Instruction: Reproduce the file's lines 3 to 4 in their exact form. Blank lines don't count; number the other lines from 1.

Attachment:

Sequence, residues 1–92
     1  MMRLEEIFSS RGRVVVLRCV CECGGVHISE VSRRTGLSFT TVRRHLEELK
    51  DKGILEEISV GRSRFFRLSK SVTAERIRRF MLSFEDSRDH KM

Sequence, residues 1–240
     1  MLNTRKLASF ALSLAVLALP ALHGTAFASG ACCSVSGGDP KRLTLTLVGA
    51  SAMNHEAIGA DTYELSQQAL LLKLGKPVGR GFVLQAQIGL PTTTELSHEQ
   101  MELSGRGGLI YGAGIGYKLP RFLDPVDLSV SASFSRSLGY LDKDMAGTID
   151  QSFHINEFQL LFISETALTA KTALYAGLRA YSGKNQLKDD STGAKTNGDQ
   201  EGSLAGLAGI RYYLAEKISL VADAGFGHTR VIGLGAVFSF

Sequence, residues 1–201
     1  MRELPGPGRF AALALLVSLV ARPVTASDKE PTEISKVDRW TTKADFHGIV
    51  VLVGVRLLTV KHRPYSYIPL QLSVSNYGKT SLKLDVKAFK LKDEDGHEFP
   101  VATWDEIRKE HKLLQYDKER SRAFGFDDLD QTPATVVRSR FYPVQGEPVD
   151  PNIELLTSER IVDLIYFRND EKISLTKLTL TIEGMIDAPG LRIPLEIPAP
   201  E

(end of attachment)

    51  DKGILEEISV GRSRFFRLSK SVTAERIRRF MLSFEDSRDH KM

Sequence, residues 1–240